This readily shows through in his argument, which is very thoroughly based in the concepts of the Constitutional imperatives of states exercising plenary power over marriage in the two-tier Constitutional scheme, and the foundation of democracy upon which the Constitution is based. His arguments have clearly been calculated to appeal directly to the best fulcrum of the case available to uphold the state’s SSM ban: Justice Kennedy’s scheme of balancing State and Federal powers and respect for the ability of people in a democracy to self-govern. His preferred positioning would have been that he was there to argue in favor of the right of an individual to vote for a policy that she prefers. Which is why he was probably uncomfortable under questioning by the swing vote on the Court:

JUSTICE KENNEDY: But that [drawing a distinction between a couple who marry for a potentially impermanent emotional bond and a couple who marry for the purpose of jointly raising children]­­ assumes that same­-sex couples could not have the more noble purpose, and that’s the whole point. Same­-sex couples say, of course, we understand the nobility and the sacredness of the marriage. We know we can’t procreate, but we want the other attributes of it in order to show that we, too, have a dignity that can be fulfilled.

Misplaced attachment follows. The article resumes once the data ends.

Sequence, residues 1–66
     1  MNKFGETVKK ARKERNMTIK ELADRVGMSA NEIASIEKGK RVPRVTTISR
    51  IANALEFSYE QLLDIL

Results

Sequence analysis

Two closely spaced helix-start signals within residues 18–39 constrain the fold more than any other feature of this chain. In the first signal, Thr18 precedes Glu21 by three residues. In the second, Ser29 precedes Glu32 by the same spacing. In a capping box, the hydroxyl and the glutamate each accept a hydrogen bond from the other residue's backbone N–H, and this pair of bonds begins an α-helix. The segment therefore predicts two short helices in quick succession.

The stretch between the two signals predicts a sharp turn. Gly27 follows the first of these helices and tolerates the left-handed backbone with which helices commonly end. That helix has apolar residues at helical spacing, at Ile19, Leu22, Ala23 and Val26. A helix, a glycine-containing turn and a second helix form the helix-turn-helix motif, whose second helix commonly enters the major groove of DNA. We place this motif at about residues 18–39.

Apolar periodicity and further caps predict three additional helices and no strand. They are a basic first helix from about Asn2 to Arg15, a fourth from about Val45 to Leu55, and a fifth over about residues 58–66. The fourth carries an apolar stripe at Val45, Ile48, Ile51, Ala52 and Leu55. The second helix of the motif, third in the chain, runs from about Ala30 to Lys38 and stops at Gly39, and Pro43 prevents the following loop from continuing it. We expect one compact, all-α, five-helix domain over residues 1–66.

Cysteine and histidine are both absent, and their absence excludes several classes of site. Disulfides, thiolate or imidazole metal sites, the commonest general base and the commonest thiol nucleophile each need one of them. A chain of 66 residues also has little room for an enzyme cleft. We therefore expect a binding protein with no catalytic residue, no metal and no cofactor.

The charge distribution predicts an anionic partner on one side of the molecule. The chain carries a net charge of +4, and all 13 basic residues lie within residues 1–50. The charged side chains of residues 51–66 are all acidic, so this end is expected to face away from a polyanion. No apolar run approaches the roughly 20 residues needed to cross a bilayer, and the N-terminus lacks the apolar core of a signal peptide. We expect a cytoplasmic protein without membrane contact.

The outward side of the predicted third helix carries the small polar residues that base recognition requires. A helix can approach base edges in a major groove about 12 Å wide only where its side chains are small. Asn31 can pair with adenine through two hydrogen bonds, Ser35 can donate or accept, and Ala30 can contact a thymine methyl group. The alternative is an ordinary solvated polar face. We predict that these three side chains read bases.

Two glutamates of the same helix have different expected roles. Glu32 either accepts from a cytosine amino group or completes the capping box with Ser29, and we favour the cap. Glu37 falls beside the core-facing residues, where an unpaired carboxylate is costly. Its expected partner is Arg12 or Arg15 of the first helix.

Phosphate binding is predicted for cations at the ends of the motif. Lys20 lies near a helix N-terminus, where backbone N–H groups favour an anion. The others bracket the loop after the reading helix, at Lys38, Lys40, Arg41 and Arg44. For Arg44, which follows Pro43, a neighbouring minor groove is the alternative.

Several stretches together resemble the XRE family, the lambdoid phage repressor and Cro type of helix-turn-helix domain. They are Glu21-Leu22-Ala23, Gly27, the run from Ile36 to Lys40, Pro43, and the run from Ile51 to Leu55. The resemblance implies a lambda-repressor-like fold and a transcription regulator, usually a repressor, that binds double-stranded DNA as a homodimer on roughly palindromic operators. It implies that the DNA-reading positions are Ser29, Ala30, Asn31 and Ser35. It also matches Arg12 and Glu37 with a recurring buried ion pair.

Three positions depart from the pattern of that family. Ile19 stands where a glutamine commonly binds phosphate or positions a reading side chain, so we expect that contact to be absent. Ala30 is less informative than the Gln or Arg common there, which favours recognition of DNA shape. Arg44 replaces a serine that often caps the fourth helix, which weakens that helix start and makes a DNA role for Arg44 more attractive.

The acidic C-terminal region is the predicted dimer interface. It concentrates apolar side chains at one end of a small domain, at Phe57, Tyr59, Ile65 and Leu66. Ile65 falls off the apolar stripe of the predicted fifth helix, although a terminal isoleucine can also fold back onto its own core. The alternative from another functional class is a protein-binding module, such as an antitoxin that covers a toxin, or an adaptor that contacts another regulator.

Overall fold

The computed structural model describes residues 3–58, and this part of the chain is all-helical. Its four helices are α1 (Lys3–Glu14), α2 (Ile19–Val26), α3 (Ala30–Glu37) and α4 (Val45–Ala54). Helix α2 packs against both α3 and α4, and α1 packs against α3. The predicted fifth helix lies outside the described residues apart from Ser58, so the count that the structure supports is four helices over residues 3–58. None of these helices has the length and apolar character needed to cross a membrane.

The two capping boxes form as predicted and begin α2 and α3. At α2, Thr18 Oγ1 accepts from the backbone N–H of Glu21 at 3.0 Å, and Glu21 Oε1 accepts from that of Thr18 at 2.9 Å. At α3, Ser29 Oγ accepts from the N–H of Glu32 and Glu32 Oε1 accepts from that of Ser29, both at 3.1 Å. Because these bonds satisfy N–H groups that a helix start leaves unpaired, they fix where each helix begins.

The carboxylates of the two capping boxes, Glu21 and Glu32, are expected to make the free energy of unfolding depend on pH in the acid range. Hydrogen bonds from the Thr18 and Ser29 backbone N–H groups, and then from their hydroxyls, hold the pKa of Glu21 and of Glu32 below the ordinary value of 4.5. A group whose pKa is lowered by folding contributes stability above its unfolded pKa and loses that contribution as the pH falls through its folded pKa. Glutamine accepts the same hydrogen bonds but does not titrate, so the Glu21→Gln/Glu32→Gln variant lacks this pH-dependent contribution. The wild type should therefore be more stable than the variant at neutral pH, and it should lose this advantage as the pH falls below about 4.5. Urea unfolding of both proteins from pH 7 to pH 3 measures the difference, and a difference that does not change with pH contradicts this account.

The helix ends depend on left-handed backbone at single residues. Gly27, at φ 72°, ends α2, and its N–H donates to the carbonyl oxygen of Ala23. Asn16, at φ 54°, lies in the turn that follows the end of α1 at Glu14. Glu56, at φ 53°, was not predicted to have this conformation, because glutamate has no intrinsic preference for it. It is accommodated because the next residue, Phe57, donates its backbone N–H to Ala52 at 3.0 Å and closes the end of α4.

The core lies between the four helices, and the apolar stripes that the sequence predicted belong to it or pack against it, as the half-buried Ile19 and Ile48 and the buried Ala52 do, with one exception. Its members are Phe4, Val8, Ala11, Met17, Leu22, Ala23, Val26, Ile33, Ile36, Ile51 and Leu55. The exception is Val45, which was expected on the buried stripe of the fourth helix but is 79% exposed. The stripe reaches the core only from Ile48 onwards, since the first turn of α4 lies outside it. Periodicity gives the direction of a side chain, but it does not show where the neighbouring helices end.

MR. BURSCH: And Justice ­­–

JUSTICE KENNEDY: And ­­– and ­­– but you argued in your brief, and Justice Kagan was quite correct to ­­ to say that you’re saying that this harms conventional marriage. That was the argument you made in your brief as I understood it.

MR. BURSCH: Justice Kennedy, to be perfectly clear, the State of Michigan values the dignity and worth of every human being, no matter their orientation or how they choose to live their life. That’s not what this case is about. Our point is that when you change something as fundamental as the marriage definition, as Chief Justice Roberts was saying, the dictionary definition which has existed for millennia, and you apply that over generations, that those changes matter. [¶]

JUSTICE KENNEDY: [H]ow do we get from what I just said ­­… ­­ to some kind of rational or ­­ or important distinction?